The fate of Dunedin's proposed $100 million
waterfront hotel hangs in the balance, but a decision on
whether to proceed - or abandon the project - could be just
weeks away, it has been confirmed.
Dunedin Mayor Dave Cull told the Otago Daily Times all
parties were working to address ''complex'' issues but he
could offer no guarantees a way forward could be found.
''I'm keeping all my options open. I don't think there's any
guarantees anywhere,'' he said when contacted yesterday.
Mr Cull's comments came as he confirmed two further meetings
with the developers - Queenstown-based Jing Song and her
husband, Chinese construction company owner Ping Cao - had
taken place in recent months.
The most recent was in Auckland on December 4, when Mr Cull
and the developers had initial talks about the ways traffic,
noise, pedestrian access and other issues arising - if the
hotel was built at 41 Wharf St - could be addressed.
Proposed solutions were also on the table, but no agreement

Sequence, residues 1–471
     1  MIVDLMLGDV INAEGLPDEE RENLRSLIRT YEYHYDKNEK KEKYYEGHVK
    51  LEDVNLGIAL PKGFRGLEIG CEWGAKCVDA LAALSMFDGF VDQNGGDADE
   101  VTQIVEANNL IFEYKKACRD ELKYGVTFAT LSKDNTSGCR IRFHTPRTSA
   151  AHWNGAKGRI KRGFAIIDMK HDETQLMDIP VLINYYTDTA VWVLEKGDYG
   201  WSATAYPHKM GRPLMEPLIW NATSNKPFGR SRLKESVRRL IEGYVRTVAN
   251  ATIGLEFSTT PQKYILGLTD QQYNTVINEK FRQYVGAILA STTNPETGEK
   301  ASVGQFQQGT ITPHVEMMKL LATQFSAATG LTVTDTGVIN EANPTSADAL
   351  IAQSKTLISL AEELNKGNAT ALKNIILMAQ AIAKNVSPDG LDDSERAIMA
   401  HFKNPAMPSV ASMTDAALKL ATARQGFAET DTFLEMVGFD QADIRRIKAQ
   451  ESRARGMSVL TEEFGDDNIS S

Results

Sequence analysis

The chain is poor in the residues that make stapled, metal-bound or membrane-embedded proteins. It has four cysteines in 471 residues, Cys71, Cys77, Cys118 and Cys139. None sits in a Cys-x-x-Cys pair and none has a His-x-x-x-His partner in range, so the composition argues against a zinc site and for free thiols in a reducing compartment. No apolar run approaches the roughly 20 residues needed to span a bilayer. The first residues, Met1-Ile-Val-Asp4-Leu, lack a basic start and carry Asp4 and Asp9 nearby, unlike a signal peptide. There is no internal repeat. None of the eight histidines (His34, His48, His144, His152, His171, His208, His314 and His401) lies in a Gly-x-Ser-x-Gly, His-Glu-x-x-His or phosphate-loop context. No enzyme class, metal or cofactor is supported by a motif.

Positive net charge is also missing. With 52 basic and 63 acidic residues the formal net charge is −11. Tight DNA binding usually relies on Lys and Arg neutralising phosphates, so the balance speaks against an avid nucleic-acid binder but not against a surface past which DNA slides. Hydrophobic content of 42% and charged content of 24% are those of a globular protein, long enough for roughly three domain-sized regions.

had been reached, and Mr Cull said he could not elaborate.
''Frankly, we're still working through them because they're
complex and many.''
However, Mr Cull expected the developers would be in a
position to ''come to some conclusions'' within the next
month or so.
That could mean reaching agreement on the process to follow
to advance the project, which could lead to a fresh consent
application, a plan change process or some other mechanism,
Alternatively, the developers could conclude the project was
unworkable at 41 Wharf St, and would then have to decide
whether to consider other sites or to abandon their plans
altogether, he said.
''All of those are possibilities.''
The plans for the 27-storey hotel and apartment tower on the
city's waterfront were unveiled by Betterways Advisory Ltd
director Steve Rodgers, a Dunedin lawyer, in May 2012. The
council's hearings committee opted to decline consent after
considering 507 submissions.
Betterways has since appealed the decision to the Environment
Court, although the parties were continuing to discuss
Ms Song could not be contacted yesterday and Mr Rodgers would
only say there were no new developments to report.
Mr Cull met the developers in Auckland on October 16 to
consider the results of independent planning advice, offered
by the council immediately after the decision was announced.
Yesterday, he said all parties hoped for a speedy conclusion
to the talks.
''I'm pretty sure that Ping and Jing and the developers want
some conclusions too ... they don't want to be still working
through this in six months' or a year's time.''